Saturday, April 25, 2015

Sunlight to Oxygen

Day after day, year after year trees turn sunlight into oxygen.
"Trees are poems that the earth writes upon the sky."
Kahlil Gibran, Sand and Foam
Growth and Storage

Growing trees sequester carbon dioxide from the atmosphere during photosynthesis. Carbohydrates are formed from the carbon dioxide that a tree stores as wood fiber.
It is wood fiber that provides the structure that enables a tree to grow outward and upward toward the sunlight. The carbon in the carbohydrates is converted into water and oxygen.

One tree can store over 70kg of carbon over its lifetime.

Oxygen Factory

Trees release water and oxygen back into the atmosphere as a by-product of photosynthesis. A tree is a carbon dioxide scrubbing oxygen factory. Over the course of its life a tree continuously:
  1. Consumes atmospheric carbon dioxide as input;
  2. Makes use of the sequestered carbon for the fiber it needs for structural growth; and
  3. Produces clean water and fresh oxygen.
"One acre of trees annually consumes the amount of carbon dioxide equivalent to that produced by driving an average car for 26,000 miles. That same acre of trees also produces enough oxygen for 18 people to breathe for a year."
― New York Times

The Red Tree by Piet Mondrian (1872–1944)

"I keep drawing the trees, the rocks, the river, I'm still learning how to see them; I'm still discovering how to render their forms. I will spend a lifetime doing that. Maybe someday I'll get it right."
Alan Lee, Book Illustrator


Saturday, April 18, 2015

Shifting Pattern

A massive swath of unusually warm water has settled off the coast of North America since early 2014. Ocean surface water temperatures are about 1° to 4° Celsius (2° to 7° Fahrenheit) above the mean.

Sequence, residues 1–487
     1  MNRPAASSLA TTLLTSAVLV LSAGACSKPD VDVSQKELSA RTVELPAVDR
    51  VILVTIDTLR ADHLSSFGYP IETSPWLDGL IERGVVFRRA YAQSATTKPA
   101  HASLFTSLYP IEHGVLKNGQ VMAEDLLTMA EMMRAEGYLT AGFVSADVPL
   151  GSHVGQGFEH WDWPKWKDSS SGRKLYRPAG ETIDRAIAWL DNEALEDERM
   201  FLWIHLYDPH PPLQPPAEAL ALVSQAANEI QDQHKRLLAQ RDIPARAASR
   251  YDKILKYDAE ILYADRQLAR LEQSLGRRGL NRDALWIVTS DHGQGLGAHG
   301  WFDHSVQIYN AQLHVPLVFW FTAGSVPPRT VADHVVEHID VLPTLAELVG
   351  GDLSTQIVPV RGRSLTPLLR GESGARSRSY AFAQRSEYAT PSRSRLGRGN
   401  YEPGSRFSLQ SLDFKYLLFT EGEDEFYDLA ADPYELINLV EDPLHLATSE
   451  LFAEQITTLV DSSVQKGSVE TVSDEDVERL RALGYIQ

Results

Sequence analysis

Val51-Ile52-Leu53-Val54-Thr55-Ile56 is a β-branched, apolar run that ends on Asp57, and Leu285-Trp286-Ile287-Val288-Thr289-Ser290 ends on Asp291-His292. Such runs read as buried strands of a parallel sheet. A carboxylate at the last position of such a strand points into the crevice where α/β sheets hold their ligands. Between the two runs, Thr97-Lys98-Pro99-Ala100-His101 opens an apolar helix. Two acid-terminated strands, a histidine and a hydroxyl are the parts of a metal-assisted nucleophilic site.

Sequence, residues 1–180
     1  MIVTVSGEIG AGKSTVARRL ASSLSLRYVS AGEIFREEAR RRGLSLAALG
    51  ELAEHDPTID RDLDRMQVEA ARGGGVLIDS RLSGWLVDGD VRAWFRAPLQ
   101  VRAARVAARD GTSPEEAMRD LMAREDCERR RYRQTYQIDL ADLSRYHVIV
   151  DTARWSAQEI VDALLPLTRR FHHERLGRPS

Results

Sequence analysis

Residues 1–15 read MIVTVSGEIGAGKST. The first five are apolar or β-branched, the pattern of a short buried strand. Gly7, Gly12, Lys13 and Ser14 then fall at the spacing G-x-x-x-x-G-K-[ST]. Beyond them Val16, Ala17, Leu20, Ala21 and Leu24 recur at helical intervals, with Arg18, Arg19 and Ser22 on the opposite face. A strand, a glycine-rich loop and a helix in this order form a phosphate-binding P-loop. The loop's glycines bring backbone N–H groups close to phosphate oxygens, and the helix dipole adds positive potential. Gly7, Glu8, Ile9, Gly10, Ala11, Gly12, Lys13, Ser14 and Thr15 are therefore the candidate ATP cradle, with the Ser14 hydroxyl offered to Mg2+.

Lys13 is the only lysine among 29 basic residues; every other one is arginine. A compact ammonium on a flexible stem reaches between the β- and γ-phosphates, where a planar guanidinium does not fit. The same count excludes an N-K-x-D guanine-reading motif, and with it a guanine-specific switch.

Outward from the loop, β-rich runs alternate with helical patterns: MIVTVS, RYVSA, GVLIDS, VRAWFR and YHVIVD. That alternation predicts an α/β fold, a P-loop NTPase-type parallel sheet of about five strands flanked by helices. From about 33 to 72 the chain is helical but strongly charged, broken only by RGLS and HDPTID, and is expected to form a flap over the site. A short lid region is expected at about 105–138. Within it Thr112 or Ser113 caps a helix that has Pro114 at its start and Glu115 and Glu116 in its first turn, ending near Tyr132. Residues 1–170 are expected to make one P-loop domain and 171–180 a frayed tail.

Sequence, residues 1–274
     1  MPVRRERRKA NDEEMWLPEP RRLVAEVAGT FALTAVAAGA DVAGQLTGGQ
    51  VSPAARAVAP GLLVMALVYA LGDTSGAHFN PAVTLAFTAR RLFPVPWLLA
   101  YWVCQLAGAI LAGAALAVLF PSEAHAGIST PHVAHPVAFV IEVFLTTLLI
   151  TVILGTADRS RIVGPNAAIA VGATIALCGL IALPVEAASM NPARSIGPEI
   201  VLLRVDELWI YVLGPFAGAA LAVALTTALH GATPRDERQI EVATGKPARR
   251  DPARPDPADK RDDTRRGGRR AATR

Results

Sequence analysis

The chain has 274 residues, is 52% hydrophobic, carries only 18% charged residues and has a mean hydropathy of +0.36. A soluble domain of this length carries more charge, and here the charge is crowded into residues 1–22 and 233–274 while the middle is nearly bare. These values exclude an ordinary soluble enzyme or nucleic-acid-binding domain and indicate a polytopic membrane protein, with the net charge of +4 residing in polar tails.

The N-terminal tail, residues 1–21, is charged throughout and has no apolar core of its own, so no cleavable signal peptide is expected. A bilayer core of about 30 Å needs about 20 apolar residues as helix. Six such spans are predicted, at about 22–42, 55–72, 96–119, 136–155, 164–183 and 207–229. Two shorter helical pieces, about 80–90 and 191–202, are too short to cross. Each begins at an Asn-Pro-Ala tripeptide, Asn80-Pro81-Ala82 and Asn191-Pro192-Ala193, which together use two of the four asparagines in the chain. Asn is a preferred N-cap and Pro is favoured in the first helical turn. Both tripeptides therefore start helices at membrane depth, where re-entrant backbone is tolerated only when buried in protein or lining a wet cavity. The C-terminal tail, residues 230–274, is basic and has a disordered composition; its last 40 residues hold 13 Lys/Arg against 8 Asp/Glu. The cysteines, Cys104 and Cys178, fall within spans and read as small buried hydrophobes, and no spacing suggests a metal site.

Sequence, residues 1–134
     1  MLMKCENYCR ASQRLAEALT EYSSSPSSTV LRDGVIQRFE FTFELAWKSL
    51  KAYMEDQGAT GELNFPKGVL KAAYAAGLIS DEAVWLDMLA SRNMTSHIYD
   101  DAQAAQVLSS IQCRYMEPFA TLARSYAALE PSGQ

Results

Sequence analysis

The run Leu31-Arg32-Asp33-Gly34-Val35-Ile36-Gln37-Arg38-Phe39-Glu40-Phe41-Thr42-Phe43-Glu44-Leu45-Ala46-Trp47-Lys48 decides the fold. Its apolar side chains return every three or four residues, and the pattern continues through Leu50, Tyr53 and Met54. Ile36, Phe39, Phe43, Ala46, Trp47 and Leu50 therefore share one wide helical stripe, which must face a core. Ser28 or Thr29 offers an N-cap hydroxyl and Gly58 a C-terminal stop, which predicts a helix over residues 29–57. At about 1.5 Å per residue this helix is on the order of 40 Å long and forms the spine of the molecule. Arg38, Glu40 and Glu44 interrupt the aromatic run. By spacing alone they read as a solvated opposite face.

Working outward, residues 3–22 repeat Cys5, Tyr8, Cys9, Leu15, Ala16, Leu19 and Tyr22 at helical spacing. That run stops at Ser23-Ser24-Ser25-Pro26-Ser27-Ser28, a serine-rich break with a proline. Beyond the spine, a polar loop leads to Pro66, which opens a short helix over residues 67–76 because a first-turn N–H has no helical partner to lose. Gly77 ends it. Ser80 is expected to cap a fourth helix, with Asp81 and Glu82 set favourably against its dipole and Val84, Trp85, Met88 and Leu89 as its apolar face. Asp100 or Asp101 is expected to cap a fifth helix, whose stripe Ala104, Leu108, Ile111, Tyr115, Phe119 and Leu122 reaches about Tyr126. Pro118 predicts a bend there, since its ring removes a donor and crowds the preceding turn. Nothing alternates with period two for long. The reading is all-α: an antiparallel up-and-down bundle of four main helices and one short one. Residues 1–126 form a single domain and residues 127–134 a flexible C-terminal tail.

"In the fall of 2013 and early 2014 we started to notice a big, almost circular mass of water that just didn’t cool off as much as it usually did, so by spring of 2014 it was warmer than we had ever seen it for that time of year."
— Nick Bond, Joint Institute for the Study of the Atmosphere and Ocean
Sea Surface Temperature Anomaly, March 2015, NASA Earth Observatory

Significantly warmer ocean temperatures, dubbed "The Blob" by climate scientist Nick Bond, seem linked to weather anomalies across North America.

Scientists hypothesize that the persistently warmer ocean temperatures over the past 15 months could be causing a range of phenomena from stressing Northwest salmon and steelhead trout populations to supplying a pipeline of moisture that fed record-breaking East Coast snowstorms.
"Men argue. Nature acts."
Voltaire (1694 – 1778)
Natural phenomena are often characterized as a continuous process, by a state of continuous change, or by evolutionary adaptations. As humans observing and collecting data from the world around us, we establish and recognize patterns that enable us to distinguish anomalous changes from expected changes.

Shifting patterns are a leading indicator of larger systemic changes that demand our attention.
"Are humans any smarter than frogs in a pot? If you put a frog in a pot and slowly turn up the heat, it won't jump out. Instead, it will enjoy the nice warm bath until it is cooked to death. We humans seem to be doing pretty much the same thing."
Jeff Goodell


Saturday, April 11, 2015

Summer into Winter

Mount Tambora
Two hundred years ago Mount Tambora erupted. The event occurred over a two-day period, April 10-11, in 1815.